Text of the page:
,
.

,
: 1) 2)
.


.

, :
to force, to compel, to impel, to cause, to make, to get, to have.
,


,
.
, ,

:
to
force
,
,
; to compel , ; to impel
; ; to cause ; to make
, .
,

, .

.
The gangsters tried to force these editors to their
side by offering them a share of the gambling and illicit
profits. (Th. Dreiser)

,

.
75

,
,
:
.
,
, ,
.

, ,
:
The mere thought now caused a damp perspiration
to form on his hands and face.1

: ( )
.
.

.
to have to get
: 1) , 2). , 3)
.
.
,
, .
,
.
:
We must get more students to take part in the
conference.

.
,
, .
Factories burn electric lights and have their
machinery running day and night. (Th. Dreiser)
1
. . , . . , , . .
, . II. .: ,
1965, . 125.

76

,
.
, ,
,
. II
,
: had his son educated in Oxford.
:

.

.
, had his horse killed
:
.

,
.
48.
.

as
. ,
. any, anybody,
anything ever anywhere
:
. ,
, .
,


- .
The Senator knew common and criminal law,
perhaps, as well as any citizen of his State. (Th.

Dreiser, Jenny Gerhardt).


.
:
,
, ,
77

. (. , . . " 12- ., . 1. .,
, 1955, . 20).
, ,
, ,
. .

. :
In 1891, it was a flourishing institution, perhaps less
restrictive than before, but still as smart and aristocratic
as any club in London. (J.' Galsworthy, The Country

House)
1891
, , ,
,

, .
(. , , ., . 6, . , .
74).
,
a :
. ,

.

:
Mr Romney's appearance on the political stage is as
exhilarating as anything that has happened in
Republican politics since Wendell Wilkie.


-
...
,
,
11, ,
(..as splendid an
exhibition as any the United States will see this year),
.
: ,
.

, ,
, :
78

He advised me to stay in Paris, where, with good


economy, I could live as cheap as in any other place.
(Lord Alfred Douglas, Oscar Wilde and Myself)
, ,
, . , .
,
:
, ,
, ,
( , ) .
11


1. 1 was not a spendthrift like other men, I never wronged any
man of a shilling, though I am as sharp a fellow at a bargain as any in
Europe. (W. Thackeray, The Fatal Boots)
2. When I heard this, I made a sudden bound back, and gave
such a cry as any man might who was in such a way. (ibid.)
3. And though, I must confess, what was proved by subsequent
circumstances, that nature has not endowed me with a large, even, I
may say, an average share of bravery, yet a man is very willing to
flatter himself to the contrary; and after a little time I got to believe that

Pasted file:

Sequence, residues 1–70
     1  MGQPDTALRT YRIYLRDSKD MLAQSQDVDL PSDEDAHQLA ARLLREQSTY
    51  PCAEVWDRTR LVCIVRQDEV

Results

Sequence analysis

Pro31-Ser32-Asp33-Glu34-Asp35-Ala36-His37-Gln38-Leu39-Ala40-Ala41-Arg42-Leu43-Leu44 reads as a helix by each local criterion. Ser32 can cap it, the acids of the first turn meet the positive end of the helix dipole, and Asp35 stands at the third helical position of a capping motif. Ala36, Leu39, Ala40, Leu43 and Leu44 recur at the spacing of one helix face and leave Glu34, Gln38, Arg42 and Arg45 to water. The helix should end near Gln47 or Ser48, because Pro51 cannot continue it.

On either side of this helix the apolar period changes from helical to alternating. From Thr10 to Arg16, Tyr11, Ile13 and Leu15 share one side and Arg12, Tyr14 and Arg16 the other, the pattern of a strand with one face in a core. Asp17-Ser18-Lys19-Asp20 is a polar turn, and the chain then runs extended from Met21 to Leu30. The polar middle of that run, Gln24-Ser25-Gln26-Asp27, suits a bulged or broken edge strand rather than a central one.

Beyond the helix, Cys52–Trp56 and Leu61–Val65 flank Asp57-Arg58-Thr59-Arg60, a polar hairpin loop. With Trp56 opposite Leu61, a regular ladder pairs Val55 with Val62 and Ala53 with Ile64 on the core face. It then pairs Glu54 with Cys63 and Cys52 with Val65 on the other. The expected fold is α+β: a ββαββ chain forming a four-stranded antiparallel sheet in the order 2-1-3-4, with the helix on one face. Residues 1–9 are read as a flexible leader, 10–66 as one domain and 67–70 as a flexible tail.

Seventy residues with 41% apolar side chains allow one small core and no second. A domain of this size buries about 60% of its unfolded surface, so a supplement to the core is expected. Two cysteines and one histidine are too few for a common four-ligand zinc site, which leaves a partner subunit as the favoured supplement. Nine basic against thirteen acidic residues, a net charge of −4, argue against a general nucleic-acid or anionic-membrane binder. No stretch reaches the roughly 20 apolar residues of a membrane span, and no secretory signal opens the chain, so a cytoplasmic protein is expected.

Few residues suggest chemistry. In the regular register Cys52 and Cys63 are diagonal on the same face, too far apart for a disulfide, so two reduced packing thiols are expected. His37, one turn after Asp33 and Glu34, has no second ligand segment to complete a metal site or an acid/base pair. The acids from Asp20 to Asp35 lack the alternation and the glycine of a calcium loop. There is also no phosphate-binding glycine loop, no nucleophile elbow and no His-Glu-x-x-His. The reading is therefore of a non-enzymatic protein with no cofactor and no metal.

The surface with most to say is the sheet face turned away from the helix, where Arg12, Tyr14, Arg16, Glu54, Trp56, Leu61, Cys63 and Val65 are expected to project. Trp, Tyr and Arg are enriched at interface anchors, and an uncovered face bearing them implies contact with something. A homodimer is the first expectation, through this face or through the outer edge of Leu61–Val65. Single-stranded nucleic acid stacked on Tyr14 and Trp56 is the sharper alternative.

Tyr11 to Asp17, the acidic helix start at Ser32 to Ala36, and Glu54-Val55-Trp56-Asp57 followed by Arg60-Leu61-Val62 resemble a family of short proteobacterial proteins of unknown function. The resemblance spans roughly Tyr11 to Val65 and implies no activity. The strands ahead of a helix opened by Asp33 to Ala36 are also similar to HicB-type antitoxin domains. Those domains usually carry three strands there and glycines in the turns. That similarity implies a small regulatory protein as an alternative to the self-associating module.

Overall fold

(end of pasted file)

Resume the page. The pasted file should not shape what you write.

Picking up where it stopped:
my killing the dog was an action of undaunted courage and that i was
as gallant as any of the one hundred thousand heroes in our army.
(ibid.)
4. The Art Institute in Chicago opens its Morion Wing this week
with "Treasures of Versailles", as splendid an exhibition as any the
United States will see this year. (New York Herald Tribune)
5. Her health was poor, but her brain was as keen as anything,
(A. Christie, Poirot Loses a Client)

49.
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From the example of people who lived in one of the
finest climate but failed to make progress, let us turn to
a case of quite the opposite type. (A. Huntington,

Civilisation and Climate)


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Polling booths closed in most of France at 6 p.m.
this evening after a heavy poll of 75 to 80 per cent
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of the electorate in the first round of the general

election. (Morning Star)


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The third center extended widely. Its eastern limit
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12
()
WILL AMERICAN DEMOCRACY ENDURE?
Albert Einstein, summarizing the condition of our land and the world in
1939, says: "The production and distribution of commodities is entirely
unorganized so that everyone must live in fear of being eliminated from the
economic cycle, in this way suffering from want of everything." But take no
notice of him the man is an alien.
Verily it is. said: "Man is born free and is everywhere in chains." And all
the chains (chain hotels, chain drugstores, chain oil stations, chain radio
stations, chain bakeries, chain barber shops, chain movie theatres, chain
newspapers, etc.) howling in chorus that "the American way" is for the
government to stop interfering with them, so that there can be no other
motive they can still further enslave the slaves.
Do not be deceived by the specious arguments offered by newspapers
and magazines which are themselves a branch of the corporative interests. In
the same year as the Declaration of Independence was accepted Adam Smith
wrote: "Civil government is maintained for the defense of the rich against the
poor." That is just as essentially true for America as for any oilier country
under this system, all the cant about "the American way" to the contrary
notwithstanding: except that now the owners of our corporations are not
content with a mere five hundred slaves. They require and have thousands
each, even though they know not who or where they are. Indeed, since the
first world war our great fortunes have doubled and redoubled until those
with an income of one million or more a year make a large directory.
Is that the "American way" to mortgage the lives of American boys for
the sake of extra billions from Europe and South America and the Far East
when we are not making use of half what the good Lord gave us right here at
home? Is following England on the path of world imperialism the American
way?
What is American about the insane scramble of the old imperialists to
become a World Power? Who wants to be a World Power? What ordinary,
normal American?
Being a world power has done nothing for the people of England. See